Clearly, it would not do any longer to say that the worth and virtue and influence of society, in this country, could be estimated by the number of communicants in the churches, by the degree of credit still given to any of the long-believed theological dogmas, deemed in the last generation the sheet-anchors of the State. We all know hundreds of people, who could sign no creed, and give no theological account of their faith, whom we do not count as necessarily less worthy in the sight of God or man than many who have no difficulty in saying the whole Athanasian Creed. Nay, there are some millions of people in this country, not the least intelligent or useful citizens in all cases, who never enter a church-door. A generation or two back, you would safely have pronounced all these absentees to be worldly, careless people, infidels, atheists, scoffers. Do you expect to find them so now? Some, of course, but not the majority. Indeed, you would find a great many of these people supporting churches, to which their families go, and not themselves; or to which others go, for whom they are glad to provide the opportunity. They would tell you, if they could discriminate their own thoughts, something like this: "Public worship and church organizations, and creeds and catechisms, and sermons and ceremonies, and public prayers and praises, are doubtless very good things, and very useful up to a certain stage of intelligence, and for a certain kind of character. But we have discovered that the real truth and the real virtue of what people have been misnaming religion is a much larger, freer, and more interesting thing than churches, creeds, ministers, and saints seem to think it. Here is this present life, full of occupations and earnest struggles and great instructions. Here is this planet, not a thousandth part known, and yet intensely provoking to intelligent curiosity; and science is now every day taking a fresh and an ever bolder look into it; and we want our Sundays to follow these things up. That is our idea of worship. Then, again, the greatest philosophers are now writing out their freest, finest thoughts about our nature; and, if we go to church, we are likely to find some fanatical and narrow-minded minister warning us against reading or heeding what these great men say; and it is a thousand times fresher and grander and more credible than what he says himself! Why, the very newspapers, the earnest and well-edited ones, contain more instruction, more warning, more to interest the thoughtful mind, than the best sermons; and why should a thinking man, who needs to keep up with the times, and means to have his own thoughts free, go where duty or custom makes it common to frown upon inquiry, doubt, and speculation,—to shut out knowledge and testimony, and stamp a man with a special type of thinking or professing?"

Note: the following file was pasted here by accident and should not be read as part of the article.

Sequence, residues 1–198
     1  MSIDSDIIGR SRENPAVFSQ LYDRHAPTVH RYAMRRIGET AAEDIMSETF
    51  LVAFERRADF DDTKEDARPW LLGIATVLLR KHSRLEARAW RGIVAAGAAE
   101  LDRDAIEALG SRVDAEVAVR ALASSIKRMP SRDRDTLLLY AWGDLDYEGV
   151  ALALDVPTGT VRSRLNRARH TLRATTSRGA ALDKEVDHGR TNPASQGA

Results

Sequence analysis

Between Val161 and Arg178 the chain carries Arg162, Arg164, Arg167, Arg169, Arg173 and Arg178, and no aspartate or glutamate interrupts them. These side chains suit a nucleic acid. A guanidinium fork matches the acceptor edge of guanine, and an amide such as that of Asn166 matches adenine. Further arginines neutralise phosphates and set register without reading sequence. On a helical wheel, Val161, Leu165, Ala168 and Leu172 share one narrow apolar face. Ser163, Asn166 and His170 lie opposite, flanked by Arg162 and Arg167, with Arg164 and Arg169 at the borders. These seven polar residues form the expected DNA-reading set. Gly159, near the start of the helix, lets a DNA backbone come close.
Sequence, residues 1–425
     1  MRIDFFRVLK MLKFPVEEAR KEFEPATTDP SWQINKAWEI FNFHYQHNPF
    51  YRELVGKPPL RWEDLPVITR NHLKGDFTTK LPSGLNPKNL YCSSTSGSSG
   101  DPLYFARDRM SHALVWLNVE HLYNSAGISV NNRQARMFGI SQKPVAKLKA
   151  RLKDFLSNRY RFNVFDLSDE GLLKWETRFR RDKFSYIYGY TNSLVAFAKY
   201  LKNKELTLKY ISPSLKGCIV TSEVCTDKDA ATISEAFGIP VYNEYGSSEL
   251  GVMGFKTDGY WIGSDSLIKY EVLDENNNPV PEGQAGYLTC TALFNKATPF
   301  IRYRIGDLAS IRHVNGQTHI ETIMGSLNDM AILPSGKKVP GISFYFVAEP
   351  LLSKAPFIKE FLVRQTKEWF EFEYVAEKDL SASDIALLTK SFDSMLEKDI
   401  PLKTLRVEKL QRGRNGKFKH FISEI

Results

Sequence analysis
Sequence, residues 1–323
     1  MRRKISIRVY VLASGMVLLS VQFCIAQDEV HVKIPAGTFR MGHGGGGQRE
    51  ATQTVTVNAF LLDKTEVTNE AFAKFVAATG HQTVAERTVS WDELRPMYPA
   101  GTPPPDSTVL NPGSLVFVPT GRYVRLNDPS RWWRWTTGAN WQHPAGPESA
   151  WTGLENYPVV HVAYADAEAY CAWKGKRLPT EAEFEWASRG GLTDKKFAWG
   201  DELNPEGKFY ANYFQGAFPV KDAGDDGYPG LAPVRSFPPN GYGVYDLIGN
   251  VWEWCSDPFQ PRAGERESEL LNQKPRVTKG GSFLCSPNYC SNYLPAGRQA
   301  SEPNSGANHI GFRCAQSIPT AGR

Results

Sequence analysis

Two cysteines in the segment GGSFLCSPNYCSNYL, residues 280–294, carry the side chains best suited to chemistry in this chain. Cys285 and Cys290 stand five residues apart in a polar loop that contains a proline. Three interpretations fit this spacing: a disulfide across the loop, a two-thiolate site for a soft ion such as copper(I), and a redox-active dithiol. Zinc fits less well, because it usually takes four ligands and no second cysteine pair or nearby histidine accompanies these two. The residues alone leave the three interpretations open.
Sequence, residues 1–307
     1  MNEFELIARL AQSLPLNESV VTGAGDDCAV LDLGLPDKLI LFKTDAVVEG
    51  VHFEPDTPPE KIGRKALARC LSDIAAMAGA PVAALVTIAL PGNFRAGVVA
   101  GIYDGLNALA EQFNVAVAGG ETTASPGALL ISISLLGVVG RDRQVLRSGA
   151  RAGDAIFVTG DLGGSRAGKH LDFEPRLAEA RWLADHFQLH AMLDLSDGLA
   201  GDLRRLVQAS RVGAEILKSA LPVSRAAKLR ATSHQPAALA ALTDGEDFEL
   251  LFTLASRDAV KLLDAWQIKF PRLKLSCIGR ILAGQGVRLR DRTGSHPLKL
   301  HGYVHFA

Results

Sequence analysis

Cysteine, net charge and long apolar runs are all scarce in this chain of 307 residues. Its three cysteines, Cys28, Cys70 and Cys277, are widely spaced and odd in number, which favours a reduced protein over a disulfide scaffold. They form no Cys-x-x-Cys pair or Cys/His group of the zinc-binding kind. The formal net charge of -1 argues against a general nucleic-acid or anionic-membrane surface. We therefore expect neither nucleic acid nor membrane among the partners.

For there are, you observe,—in justice to these thoughts,—these two instructors to choose between in our generation. Here is the Church, with its ecclesiastical usages and its pious exhortations; its Sunday school for the children; its devotional meeting in the week, and its Sunday teaching and worship,—all acknowledged as good for those that like them, and are willing to accept what people thought or believed was true a hundred or five hundred years ago; and here is the modern press, with the wonderful profusion of earnest and able books, cheap and attractive, and treating boldly all subjects of immediate and of permanent interest; and here are the reviews, quarterly and monthly, that now compress into themselves and popularize all that these books contain, and furnish critical notices of them; and then, again, here are the newspapers, wonderful in variety and ability, that hint at, suggest, and bring home all the new and fresh thoughts of the time. And the marvel is, that most of these books, reviews, papers, are in the interest of, and seem inspired by, something larger, freer, fresher, truer, than what the churches and the creeds are urging. Thus church religion and general culture do not play any longer into each other's hands. If you believe what the men of science, the philosophers, the poets and critics, believe, you cannot believe, except in a very general way, in what the creeds and churches commonly profess. Accordingly, the professors in college, the physicians, the teachers, the scientists, the reformers, the politicians, the newspaper men, the reviewers, the authors, are seldom professing Christians, or even church-goers; and if they do go to church from motives of interest or example, they are free enough to confess in private that they do not much believe what they hear.